Nivolumab blocks an immune checkpoint protein on T cells called PD-1 and is already broadly used to treat melanoma and many other cancer types. Immunotherapy offers promise to treat brain and spine cancers as well. “The fact that nivolumab has been tested in clinical trials for other cancers, and the FDA granted approval for some of them, means it has been used safely in clinical practice and is not an experimental drug that has never been used in humans,” explains Dr. Penas-Prado. The efficacy of the drug in these rare cancers is what the trial needs to prove.
The clinical trial is testing whether stimulating the immune system using nivolumab can shrink specific types of rare brain or spine tumors—or control the growth or spread of recurrent tumors. The trial is a basket trial, which means it is open to patients with different tumor types. Many of these tumors are so rare that designing trials specifically for them is not possible. The trial is also testing whether nivolumab can improve symptoms.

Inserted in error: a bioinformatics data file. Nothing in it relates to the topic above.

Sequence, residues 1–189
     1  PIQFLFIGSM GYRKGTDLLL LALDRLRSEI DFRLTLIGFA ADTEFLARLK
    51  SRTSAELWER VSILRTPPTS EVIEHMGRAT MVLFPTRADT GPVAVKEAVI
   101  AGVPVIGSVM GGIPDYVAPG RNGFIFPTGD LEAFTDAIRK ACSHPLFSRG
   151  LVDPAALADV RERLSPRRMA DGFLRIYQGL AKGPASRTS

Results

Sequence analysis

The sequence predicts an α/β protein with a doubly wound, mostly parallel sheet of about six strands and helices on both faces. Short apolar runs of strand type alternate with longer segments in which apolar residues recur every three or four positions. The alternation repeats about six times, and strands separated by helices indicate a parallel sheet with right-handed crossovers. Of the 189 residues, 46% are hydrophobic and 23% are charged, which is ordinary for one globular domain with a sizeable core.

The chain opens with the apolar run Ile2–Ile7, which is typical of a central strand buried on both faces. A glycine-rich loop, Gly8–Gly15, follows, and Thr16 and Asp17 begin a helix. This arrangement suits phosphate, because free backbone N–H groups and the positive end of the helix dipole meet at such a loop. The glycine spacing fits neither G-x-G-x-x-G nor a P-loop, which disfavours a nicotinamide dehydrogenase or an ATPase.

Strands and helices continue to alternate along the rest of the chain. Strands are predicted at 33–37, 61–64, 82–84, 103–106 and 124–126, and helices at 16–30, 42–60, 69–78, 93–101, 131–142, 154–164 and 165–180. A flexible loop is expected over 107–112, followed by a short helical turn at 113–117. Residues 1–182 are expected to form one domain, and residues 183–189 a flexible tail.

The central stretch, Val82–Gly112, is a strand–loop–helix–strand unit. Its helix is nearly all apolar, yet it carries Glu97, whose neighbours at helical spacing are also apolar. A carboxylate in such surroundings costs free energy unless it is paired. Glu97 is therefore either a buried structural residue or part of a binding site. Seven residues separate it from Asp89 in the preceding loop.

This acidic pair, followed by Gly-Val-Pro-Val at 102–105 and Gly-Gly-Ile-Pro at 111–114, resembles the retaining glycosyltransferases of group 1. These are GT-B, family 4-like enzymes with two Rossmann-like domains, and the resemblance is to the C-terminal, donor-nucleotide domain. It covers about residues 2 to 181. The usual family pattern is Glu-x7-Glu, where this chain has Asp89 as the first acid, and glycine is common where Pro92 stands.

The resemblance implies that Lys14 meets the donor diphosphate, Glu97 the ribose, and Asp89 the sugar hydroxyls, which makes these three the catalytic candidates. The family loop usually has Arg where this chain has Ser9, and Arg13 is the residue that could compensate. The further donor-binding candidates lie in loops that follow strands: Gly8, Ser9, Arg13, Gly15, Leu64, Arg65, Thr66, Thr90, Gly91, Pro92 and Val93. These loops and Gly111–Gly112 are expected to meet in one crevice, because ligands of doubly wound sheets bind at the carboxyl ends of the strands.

“It is very important to include patient-reported outcomes measures in the trial. If the drug can improve how a person feels and functions, it can be considered an effective treatment option,” says Dr. Penas-Prado.
The clinical trial is also collecting blood and tumor tissue samples so researchers can study the tumor immune microenvironment. "This will help us understand why the treatment worked or didn’t work for specific tumor types, and from that information we can develop more studies," says Dr. Penas-Prado.
The study is for adults (age 18 or older) who are diagnosed with recurring CNS tumors, specifically 11 select rare CNS tumor types. A recurrence means the tumor was treated before and came back. Additional criteria for eligible patients include people who are not pregnant or breastfeeding and do not have hepatitis.
Expanding the Trial Across the Nation